Jewish lawmaker denounces bill banning critical race theory in schools

Wyoming lawmakers are sharing their concerns and support over the controversial HB97 bill which would ban the teaching and training of “critical race theory” in schools.

Representative Andy Schwartz (D) of Wyoming addressed his colleagues on Thursday and shared his concerns. The Jewish lawmaker “found unacceptable provisions, such as one that allowed ‘controversial aspects of history’ to only be taught ‘from a holistic point of view, a complete, neutral and unbiased perspective of the subject matter or prism.’”

“Going to page 8, lines 19 and 20, it says ‘no one should feel discomfort or distress,’” he said. “But in learning about the Holocaust, I have suffered a lifetime of discomfort and distress, and it’s essential that as students learn about this dark time in our history, they to feel discomfort in distress” (Jerusalem Post).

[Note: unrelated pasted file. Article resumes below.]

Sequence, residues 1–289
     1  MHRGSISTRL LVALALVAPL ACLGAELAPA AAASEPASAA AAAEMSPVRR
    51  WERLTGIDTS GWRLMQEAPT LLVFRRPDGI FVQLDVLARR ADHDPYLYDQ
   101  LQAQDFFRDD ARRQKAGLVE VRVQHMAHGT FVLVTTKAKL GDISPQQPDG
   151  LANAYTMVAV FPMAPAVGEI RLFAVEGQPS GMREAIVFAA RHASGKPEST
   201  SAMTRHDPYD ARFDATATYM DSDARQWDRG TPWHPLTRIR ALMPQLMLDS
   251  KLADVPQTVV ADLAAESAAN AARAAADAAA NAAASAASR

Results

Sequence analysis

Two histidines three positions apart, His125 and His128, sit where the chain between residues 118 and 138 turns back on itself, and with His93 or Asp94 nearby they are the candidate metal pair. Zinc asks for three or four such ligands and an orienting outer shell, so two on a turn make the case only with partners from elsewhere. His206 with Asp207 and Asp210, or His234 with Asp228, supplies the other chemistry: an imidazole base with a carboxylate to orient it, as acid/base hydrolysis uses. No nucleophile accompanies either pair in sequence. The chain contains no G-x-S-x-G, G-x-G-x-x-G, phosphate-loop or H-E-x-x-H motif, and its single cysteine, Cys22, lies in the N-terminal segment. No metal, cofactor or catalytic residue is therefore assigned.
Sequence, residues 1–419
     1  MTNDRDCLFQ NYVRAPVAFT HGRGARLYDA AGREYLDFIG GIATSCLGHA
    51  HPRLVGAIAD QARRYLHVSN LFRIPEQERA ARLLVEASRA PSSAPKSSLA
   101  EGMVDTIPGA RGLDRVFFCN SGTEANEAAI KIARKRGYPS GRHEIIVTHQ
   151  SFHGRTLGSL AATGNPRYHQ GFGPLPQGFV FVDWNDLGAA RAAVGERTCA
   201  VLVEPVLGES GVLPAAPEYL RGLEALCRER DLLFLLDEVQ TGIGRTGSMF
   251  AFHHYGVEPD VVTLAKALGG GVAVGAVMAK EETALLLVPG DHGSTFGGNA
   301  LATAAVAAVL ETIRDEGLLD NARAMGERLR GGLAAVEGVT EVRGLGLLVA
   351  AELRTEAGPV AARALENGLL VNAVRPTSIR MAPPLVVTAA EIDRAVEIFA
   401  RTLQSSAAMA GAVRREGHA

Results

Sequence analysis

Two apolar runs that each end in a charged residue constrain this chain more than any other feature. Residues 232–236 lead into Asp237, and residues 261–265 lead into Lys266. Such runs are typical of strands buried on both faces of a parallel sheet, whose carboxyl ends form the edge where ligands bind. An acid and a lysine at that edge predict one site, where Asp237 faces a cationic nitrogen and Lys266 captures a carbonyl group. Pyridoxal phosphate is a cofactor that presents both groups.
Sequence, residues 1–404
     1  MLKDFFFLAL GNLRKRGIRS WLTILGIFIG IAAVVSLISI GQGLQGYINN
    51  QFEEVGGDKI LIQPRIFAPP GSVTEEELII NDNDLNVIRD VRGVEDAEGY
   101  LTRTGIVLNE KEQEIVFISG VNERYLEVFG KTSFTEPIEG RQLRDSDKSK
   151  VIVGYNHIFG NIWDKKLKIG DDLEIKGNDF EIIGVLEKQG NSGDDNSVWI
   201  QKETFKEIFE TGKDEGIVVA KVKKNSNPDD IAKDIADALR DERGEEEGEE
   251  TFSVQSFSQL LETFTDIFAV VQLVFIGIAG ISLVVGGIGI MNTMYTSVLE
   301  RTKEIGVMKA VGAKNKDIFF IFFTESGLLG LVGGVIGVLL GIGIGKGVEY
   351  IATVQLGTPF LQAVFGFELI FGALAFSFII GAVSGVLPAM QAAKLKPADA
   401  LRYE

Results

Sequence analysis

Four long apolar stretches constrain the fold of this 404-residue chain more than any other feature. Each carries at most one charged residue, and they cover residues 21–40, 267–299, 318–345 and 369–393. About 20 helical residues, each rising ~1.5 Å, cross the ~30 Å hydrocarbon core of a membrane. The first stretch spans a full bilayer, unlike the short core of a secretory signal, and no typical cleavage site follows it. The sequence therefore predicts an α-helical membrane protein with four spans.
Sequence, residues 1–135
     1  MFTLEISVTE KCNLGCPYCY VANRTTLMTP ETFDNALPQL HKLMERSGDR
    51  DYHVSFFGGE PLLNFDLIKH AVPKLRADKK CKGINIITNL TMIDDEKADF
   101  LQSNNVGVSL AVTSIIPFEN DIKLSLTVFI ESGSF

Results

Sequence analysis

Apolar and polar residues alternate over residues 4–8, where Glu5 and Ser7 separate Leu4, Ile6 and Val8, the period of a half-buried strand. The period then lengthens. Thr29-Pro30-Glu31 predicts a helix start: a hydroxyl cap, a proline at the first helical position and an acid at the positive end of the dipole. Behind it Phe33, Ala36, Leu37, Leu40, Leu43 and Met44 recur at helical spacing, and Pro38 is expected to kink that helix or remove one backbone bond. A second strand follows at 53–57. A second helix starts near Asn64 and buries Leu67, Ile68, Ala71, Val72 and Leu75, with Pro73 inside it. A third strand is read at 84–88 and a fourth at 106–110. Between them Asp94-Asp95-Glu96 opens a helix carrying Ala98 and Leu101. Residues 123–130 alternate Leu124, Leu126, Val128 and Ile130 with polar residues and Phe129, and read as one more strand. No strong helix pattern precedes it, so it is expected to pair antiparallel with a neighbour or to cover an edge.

As a Jewish man, Representative Schwartz expressed that he believes history must be taught even if it makes people feel uncomfortable. “It was important to speak against — and defeat — the bill because history instruction should not be restricted by legislatures for political purposes, but taught in a fashion without limitations that provides important lessons for students,” he said.

Republican Wyoming Representative Chuck Gray called Schwartz’s interpretation “disappointing.” He stated that critical race theory and its message is inconsistent with Wyoming values. As of right now, critical race theory in schools is banned in nine states with more than a dozen others considering similar legislation (Washington Post). 




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